Big steps forward are taking place in Reading, Oxford and Swindon even though much of our world stays in Covid limbo.
In Oxford, the city council has advertised for a regeneration manager as it drives an imaginative scheme to fill empty spaces with creative entrepreneurs.
In Swindon, the £25 million grant for the Bus Boulevard is a positive improvement at the very heart of its regeneration.
And in Reading, it seems the push to create something truly special at the gaol, might have turned a significant corner with Ministry of Justice’s decision to allow the council a chance to state its case for the much-desired culture and arts centre.
Add to that this Wednesday’s meeting at which the next two phases of Reading’s Station Hill scheme could be approved and it would seem the property and development world is champing at the bit to get going.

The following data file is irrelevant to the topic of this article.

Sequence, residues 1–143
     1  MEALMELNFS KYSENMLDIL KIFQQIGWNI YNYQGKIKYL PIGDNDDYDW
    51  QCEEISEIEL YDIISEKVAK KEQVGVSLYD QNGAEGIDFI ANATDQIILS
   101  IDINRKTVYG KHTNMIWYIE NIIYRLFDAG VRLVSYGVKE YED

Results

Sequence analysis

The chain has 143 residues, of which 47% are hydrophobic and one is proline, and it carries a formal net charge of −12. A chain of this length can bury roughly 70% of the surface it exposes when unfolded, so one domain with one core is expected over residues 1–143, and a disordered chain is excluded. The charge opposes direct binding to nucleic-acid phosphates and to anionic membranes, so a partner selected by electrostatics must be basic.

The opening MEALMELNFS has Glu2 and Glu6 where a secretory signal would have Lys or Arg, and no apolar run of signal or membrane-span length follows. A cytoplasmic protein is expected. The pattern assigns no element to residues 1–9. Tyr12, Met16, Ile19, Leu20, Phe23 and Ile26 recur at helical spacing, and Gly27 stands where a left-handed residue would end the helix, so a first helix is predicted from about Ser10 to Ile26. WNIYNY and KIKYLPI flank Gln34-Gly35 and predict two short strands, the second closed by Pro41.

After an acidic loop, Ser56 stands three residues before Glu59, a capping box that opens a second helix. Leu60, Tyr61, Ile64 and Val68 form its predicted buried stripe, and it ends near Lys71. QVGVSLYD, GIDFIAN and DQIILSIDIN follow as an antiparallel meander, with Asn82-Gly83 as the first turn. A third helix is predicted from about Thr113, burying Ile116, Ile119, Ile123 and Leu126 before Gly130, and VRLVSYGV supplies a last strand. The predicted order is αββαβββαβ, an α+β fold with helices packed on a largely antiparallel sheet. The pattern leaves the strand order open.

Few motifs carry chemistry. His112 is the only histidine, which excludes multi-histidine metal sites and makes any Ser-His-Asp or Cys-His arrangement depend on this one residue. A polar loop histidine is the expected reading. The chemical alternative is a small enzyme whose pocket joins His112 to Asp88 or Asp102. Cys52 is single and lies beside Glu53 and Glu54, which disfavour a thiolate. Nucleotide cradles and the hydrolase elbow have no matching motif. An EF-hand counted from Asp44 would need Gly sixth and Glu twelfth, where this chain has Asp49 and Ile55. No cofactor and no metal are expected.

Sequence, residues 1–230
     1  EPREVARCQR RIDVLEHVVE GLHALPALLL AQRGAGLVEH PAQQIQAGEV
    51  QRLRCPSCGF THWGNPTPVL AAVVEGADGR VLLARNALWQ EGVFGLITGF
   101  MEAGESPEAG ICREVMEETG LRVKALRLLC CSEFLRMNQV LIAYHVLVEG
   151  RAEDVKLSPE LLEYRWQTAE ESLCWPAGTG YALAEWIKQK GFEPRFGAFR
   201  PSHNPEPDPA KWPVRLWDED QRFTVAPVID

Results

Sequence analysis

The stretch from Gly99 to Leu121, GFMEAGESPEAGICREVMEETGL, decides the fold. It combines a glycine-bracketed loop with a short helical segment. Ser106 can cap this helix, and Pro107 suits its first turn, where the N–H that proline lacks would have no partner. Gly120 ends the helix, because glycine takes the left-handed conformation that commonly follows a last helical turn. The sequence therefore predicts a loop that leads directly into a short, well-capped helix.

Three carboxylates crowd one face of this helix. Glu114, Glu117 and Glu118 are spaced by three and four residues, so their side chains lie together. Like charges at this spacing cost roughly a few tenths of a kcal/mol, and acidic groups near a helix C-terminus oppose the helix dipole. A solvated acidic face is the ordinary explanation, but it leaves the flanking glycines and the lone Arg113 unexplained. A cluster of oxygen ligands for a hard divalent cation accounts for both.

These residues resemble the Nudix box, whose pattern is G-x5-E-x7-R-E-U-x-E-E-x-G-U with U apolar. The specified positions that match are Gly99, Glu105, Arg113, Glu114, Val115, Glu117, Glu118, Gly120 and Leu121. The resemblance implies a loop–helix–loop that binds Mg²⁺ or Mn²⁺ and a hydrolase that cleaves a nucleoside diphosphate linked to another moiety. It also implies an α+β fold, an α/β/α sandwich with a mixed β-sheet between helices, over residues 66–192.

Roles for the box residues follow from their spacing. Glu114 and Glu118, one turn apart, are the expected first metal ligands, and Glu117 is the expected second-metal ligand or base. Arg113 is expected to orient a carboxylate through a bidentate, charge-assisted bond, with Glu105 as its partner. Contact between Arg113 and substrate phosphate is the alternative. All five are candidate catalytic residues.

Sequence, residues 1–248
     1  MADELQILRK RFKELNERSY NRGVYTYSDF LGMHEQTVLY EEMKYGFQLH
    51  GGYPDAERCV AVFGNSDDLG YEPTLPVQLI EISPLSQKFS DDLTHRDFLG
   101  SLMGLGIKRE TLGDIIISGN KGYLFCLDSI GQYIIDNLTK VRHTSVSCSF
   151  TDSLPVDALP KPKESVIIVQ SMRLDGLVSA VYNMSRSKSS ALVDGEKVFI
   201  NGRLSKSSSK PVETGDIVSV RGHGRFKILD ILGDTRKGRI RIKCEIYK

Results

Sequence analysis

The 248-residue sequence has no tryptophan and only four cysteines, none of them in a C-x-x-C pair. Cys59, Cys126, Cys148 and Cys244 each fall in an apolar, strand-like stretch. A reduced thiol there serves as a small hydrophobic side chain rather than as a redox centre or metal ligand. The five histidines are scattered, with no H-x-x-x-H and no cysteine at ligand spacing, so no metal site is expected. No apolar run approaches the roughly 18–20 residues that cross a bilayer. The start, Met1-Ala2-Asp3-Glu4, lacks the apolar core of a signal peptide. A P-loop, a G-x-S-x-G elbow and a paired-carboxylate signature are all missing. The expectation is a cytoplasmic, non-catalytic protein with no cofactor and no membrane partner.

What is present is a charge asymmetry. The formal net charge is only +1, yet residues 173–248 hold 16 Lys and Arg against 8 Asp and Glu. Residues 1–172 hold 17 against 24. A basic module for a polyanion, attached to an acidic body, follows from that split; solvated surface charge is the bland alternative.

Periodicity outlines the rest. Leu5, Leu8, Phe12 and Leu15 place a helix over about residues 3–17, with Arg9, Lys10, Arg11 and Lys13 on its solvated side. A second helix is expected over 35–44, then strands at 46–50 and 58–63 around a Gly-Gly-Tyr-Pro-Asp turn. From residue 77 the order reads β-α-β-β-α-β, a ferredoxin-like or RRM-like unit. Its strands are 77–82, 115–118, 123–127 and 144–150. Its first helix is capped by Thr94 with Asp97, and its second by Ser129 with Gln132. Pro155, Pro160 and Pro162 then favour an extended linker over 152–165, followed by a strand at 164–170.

Add to those the latest high-rise scheme in Woking, the regeneration of Newbury, Maidenhead and Aldershot, major developments in and around Basingstoke, Slough’s continued resurgence and the eventual arrival of Crossrail and you start to see a impressive pipeline.
Of course, much of this remains at the starting line while we hope that this is the year we get over the hurdles Covid has presented us.
But the scale of this pent-up demand illustrates, yet again, that, given the financial crisis lying in our path, there can be few regions better placed than the Thames Valley to come through it a winner.
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